White House

Making Federal Architecture Great Again

Aerial view of the Lincoln Memorial, October 1, 2014 (Gary Cameron/Reuters)
Ignore the critics: President Trump’s federal architecture executive order is a great step toward restoring beauty in government buildings.

There is a barrage of criticism flooding newspapers about President Trump’s executive order on federal architecture, mostly from architectural critics and people in the architectural profession. Remember, as you read this criticism, that the client in federal architecture is “we the people,” not architectural critics or the architectural profession. This is an important distinction. Architects love the idea that they could somehow be the acting body of the people. After all, they are the experts right? And there it begins. Architects today, unlike at other points in history, are trained to espouse a quality of self-expression and originality in their work. They rejoice in the opportunity to decree in our federal architecture their own expression of what our country is and what it could be. This “freedom of expression” is something the critic will say is greatly at stake right now. But what about the rest of us? Do we have a say? We didn’t elect these people. Is there a collective sense that we like what they’ve designed?

These are important questions. For one of the essential complications in the shift to modern architecture was a shift in the idea of beauty, something once considered to have a universal sense. Once art became abstracted, architecture followed suit, and ideas of beauty were left much more so to the eye of the beholder. This isn’t necessarily a bad thing — but my, what an opening! Now anything can be beautiful to some, including things thought ugly by others. So who is to judge? Furthermore, why even bother with focusing on beauty at all when you can focus on more measurable things, like function and economy? Let freedom of expression ring! The gateway to no aesthetic standards is opened.

In the meantime, a masterpiece may be made — something unimaginable without this total freedom and disregard for aesthetic standards. With that comes a price: There will be hundreds of terrible buildings for that one inexplicable masterpiece. A masterpiece that has no legacy to give the next generation, because it is so original that it can’t be replicated. Thus, it becomes an expression of its time, in that it is the expression of the individual architect who designed it.

This shift in ideas of beauty is not only a shift in aesthetic, but also in power, from client to architect.

This is a very different approach from the one classical architecture takes. The classical is a language with a grammar. Once mastered, this language has gloriously inventive ends. Its sense of beauty is based on a proportional system related to the scale of the human body. It has three core principles: that buildings endure, be functional, and be beautiful. It is important to understand how architecture progressed away from this understanding. Robert Venturi recognized the merits of classical architecture in his book Complexity and Contradiction in Architecture (1966), which Vincent Scully, in his introduction to the original edition, called “probably the most important writing on the making of architecture since Le Corbusier’s Vers une Architecture, of 1923.” Venturi argued that the early modernists created beautiful buildings in their purity, but didn’t provide a language of architecture that was fit to handle the complexities of real life. He quotes Paul Rudolph, former dean at the Yale School of Architecture (from 1958–1965):

Indeed, it is characteristic of the 20th century that architects are highly selective in determining which problems they want to solve. Mies, for instance, makes wonderful buildings only because he ignores many aspects of a building. If he solved more problems, his buildings would be far less potent.

Venturi uses classical architecture as a point of confidence, and as a language that not only can handle these complexities, but that also provides the method in which to simplify them — without being “simplistic.” He regarded the classical as the inclusive language, and the modernist the exclusive. In the face of Mies’ famous ‘less is more,’ Venturi argues that “More is not less”, and in fact, “less is bore.” It was a book that created yet another revolution in architectural trends: the postmodern. Here, architects didn’t necessarily return to classicism, but they searched for a new way, now recognizing the limitations of early modernism. As they argued about this new way, they banded together in groups with revolutionary names like “the Chicago Seven”; earlier on, there were “the Texas Rangers.” In New York, there were the “Whites” and the “Greys.” They all vouched for their own positions, hoping to make the next mark of brilliance. Some strands looked to deconstructivism, some to a version of poking fun at the classical with cartoon-like forms — recognizing classicism but not fully its friend; and some looked to a collage-like method mixing Renaissance and Corbusian elements. But as Tom Beeby once said, even within his own group, the Chicago Seven, “We didn’t agree on anything.”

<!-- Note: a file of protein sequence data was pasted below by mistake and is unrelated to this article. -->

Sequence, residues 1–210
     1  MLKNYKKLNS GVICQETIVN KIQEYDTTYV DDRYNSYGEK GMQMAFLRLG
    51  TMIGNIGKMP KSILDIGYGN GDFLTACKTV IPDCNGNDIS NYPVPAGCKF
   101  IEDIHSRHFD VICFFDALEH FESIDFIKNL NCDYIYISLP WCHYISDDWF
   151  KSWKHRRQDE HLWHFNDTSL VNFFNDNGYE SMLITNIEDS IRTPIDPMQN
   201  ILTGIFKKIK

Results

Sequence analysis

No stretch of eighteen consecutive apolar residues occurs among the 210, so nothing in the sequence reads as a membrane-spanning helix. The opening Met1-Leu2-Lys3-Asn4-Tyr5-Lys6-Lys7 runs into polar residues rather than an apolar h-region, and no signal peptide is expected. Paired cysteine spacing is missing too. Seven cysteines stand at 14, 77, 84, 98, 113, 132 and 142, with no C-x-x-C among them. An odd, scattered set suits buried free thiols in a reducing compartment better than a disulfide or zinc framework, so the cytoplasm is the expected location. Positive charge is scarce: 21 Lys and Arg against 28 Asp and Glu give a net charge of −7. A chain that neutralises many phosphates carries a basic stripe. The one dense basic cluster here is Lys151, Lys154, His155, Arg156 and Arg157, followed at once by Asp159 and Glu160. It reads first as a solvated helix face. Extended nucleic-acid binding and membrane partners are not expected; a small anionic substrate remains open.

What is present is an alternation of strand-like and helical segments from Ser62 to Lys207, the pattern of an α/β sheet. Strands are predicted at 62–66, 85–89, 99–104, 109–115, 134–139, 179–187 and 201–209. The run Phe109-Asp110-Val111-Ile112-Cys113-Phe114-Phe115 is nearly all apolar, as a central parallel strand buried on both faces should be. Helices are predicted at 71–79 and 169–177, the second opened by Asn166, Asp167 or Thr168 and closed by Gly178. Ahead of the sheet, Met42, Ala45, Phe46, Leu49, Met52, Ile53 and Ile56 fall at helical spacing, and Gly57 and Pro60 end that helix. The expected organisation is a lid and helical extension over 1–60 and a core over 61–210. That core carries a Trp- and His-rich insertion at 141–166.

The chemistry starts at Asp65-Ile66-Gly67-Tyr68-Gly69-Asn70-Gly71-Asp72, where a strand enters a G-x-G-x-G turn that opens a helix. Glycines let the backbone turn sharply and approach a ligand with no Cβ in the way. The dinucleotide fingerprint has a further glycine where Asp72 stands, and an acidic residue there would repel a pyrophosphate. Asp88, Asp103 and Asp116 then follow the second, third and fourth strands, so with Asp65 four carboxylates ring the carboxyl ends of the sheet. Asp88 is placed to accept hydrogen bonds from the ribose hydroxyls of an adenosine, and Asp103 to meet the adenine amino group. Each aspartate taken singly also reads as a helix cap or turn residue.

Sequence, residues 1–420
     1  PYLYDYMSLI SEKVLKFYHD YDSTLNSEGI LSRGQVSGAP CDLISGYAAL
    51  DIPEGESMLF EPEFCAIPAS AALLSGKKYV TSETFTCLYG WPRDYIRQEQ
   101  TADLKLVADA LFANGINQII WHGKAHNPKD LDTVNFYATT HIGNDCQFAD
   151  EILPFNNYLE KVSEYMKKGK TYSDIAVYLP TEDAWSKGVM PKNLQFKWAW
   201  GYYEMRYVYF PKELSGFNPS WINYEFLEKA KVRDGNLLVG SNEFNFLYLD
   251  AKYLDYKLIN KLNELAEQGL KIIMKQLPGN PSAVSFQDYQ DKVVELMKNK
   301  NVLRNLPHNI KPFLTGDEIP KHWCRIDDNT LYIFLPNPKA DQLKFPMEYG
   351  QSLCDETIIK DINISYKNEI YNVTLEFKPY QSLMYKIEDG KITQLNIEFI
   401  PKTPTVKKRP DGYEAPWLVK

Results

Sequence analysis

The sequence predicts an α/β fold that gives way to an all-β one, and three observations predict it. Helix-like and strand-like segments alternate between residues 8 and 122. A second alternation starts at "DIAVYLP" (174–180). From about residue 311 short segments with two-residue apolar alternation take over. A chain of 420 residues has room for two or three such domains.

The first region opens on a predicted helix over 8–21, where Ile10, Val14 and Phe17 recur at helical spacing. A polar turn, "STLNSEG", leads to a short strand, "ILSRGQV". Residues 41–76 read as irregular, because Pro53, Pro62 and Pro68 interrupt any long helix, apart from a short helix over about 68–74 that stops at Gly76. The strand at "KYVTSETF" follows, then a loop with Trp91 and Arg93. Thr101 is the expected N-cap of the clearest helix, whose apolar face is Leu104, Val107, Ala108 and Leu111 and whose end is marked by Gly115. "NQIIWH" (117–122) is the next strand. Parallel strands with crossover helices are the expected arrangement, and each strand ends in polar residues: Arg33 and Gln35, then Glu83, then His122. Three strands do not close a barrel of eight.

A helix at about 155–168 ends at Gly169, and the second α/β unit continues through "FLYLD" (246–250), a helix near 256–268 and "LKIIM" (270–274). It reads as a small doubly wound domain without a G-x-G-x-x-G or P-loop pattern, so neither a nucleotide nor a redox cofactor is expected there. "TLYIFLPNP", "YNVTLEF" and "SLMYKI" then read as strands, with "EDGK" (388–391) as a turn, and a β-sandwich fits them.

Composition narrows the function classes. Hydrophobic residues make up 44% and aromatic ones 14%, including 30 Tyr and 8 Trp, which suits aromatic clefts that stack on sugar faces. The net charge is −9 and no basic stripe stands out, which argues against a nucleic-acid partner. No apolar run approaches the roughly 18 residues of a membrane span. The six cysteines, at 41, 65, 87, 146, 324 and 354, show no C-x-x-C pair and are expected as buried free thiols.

Even Joseph Hudnut, who 40 years earlier, in 1936, founded Harvard’s Graduate School of Design, was uncomfortable with the outcome of his decision to bring Bauhaus founder Walter Gropius to Harvard to direct the architectural department. Once allied with Gropius as a common enemy of the old-guard classical academy, he didn’t realize until much later how different their personal views were. Hudnut feared what Modernism would do to the fabric of the American city; he also feared that modern architecture was losing “human values.” He was the first to pen the term “post-modern,” in an essay he wrote (in 1949) warning against the tendency to “mistake novelty for progress.”

The biggest problem with Hudnut, who was a humanist at heart, is that while he was this leader in trying to figure out a new way for American architecture — something he thought was more progressive than classical architecture — he belonged to a generation of thinkers that were unfortunately trying to seek truth in systems without any real tangible goals. The excitement was more about the experience than the end product. As Jill Pearlman writes, “he rarely suggested and never demonstrated any way to translate his ideas into actual buildings or new modern plans.” His students claimed that he never made his philosophy clear, whereas his émigré European contemporaries could and did. The very European modernists he procured teaching positions for in the States left him in the dust. They had vision, and goals, and methods of achieving them. This generation of modernists was first trained classically, and in this they had an innate sense for design that subsequent generations lacked. In this, they were similar to Picasso, whose abstract art was so compelling because he first drew so well classically.